The New Child Arrangements Orders: What are the changes?

The New Child Arrangements Orders explained

couple-with-babyThe definitions of “residence” and “contact”, which did away with the terms “custody” and “access”, have now been replaced by a “child arrangements order”.

What is a Child Arrangements Order?

It is an order regulating arrangements relating to when and with whom a child is to live, spend time or otherwise have contact.

In many cases, the distinction between contact and residence will remain, but the new language now reflects that the order in question will be a specific type of child arrangements order.

The Child Arrangements Programme 2014 came into force on 22 April 2014; it applies whenever there is a dispute in relation to arrangements concerning children. It is designed to assist families in reaching safe and child-focused arrangements wherever possible outside of the court setting. Where that is not possible, it aims to resolve a dispute in a way so as to avoid delay.

Any contact or residence order made prior to 22 April 2014 will take effect as a child arrangements order, so there is no need to reapply.

So, what has changed?

The recent changes to the law now mean that prior to making any application for a Child Arrangements Order, the intended applicant must first attend a Mediation Information and Assessment Meeting (MIAM), or alternatively a MIAM exemption must be demonstrated. The purpose of a MIAM is to provide the applicant with information about the use of mediation as an alternative method of resolving disputes without recourse to court proceedings.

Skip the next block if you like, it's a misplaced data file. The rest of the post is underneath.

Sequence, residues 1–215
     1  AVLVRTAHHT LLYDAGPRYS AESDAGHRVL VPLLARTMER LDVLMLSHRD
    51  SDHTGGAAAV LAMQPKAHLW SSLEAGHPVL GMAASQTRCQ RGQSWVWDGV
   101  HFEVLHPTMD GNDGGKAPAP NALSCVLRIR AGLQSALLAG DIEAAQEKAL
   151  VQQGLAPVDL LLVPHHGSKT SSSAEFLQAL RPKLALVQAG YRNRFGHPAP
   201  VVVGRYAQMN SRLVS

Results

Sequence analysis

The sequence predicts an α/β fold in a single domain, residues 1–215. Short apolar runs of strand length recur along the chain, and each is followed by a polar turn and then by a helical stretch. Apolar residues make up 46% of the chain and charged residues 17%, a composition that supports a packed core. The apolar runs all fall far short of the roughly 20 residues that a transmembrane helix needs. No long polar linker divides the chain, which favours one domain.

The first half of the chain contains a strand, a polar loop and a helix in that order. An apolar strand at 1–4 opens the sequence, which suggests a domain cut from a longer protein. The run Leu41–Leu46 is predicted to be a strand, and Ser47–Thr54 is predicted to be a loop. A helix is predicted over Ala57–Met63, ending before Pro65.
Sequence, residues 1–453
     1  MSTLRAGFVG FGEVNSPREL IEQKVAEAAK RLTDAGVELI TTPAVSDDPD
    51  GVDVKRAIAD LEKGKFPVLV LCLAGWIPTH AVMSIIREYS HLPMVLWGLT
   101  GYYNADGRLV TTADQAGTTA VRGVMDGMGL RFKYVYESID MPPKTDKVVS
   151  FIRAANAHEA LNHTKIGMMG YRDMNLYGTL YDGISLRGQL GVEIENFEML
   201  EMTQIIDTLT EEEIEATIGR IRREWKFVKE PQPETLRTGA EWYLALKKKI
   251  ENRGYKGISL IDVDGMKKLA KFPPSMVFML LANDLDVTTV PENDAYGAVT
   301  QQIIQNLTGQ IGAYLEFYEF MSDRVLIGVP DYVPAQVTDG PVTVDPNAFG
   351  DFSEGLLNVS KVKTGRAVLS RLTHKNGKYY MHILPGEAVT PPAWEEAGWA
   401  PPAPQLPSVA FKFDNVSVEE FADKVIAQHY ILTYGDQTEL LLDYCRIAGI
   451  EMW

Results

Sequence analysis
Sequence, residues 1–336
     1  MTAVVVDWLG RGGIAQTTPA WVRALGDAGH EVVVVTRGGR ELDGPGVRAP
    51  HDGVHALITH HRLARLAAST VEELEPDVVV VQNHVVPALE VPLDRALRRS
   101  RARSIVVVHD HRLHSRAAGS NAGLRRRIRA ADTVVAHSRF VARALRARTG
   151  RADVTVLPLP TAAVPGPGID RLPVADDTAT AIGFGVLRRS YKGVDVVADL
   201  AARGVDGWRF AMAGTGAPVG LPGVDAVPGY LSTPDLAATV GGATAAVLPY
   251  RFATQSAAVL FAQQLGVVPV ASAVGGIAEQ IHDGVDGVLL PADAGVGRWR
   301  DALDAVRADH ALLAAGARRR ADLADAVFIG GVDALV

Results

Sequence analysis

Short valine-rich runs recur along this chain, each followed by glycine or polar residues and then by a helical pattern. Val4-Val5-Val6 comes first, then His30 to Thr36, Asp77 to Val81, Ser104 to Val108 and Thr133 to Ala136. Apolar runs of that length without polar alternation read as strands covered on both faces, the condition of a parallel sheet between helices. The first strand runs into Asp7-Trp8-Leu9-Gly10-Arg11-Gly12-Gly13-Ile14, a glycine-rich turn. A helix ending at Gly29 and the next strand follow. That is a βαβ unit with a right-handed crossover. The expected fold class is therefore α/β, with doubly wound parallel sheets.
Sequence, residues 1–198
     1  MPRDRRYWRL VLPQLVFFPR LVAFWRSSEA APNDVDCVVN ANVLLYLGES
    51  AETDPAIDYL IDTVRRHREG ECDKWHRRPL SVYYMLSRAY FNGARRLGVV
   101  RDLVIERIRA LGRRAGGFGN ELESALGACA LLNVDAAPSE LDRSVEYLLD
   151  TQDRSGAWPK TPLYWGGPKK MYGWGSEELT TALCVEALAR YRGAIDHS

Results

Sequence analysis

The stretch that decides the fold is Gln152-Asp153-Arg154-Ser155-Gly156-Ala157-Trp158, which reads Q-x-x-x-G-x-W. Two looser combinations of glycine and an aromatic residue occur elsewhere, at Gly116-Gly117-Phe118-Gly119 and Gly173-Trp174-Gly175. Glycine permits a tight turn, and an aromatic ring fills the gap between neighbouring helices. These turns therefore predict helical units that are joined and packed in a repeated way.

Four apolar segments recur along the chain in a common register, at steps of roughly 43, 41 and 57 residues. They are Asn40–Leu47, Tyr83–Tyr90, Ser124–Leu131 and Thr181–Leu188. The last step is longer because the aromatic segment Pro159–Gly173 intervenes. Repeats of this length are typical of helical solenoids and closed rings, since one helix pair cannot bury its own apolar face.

The emphasis more than ever before is on parents agreeing arrangements for their children, and avoiding where at all possible, the court process.

Who can apply for the order?

The child’s parent, guardian or anyone with parental responsibility can apply without the court’s permission. There are also other circumstances in which a person may be able to apply without the court’s permission. For all other people, such as grandparents, the court’s permission is required before an application can be made.

For details on how to make an application and the court process, please contact the Family Law team at Lester Aldridge. Alternatively if you would like to explore dispute resolution outside of a court process through mediation or collaborative law then Lester Aldridge has qualified and experienced practitioners who can assist you.

If you would like any further information please contact Jane Porter on 01202 786104 or email jane.porter@la-law.com.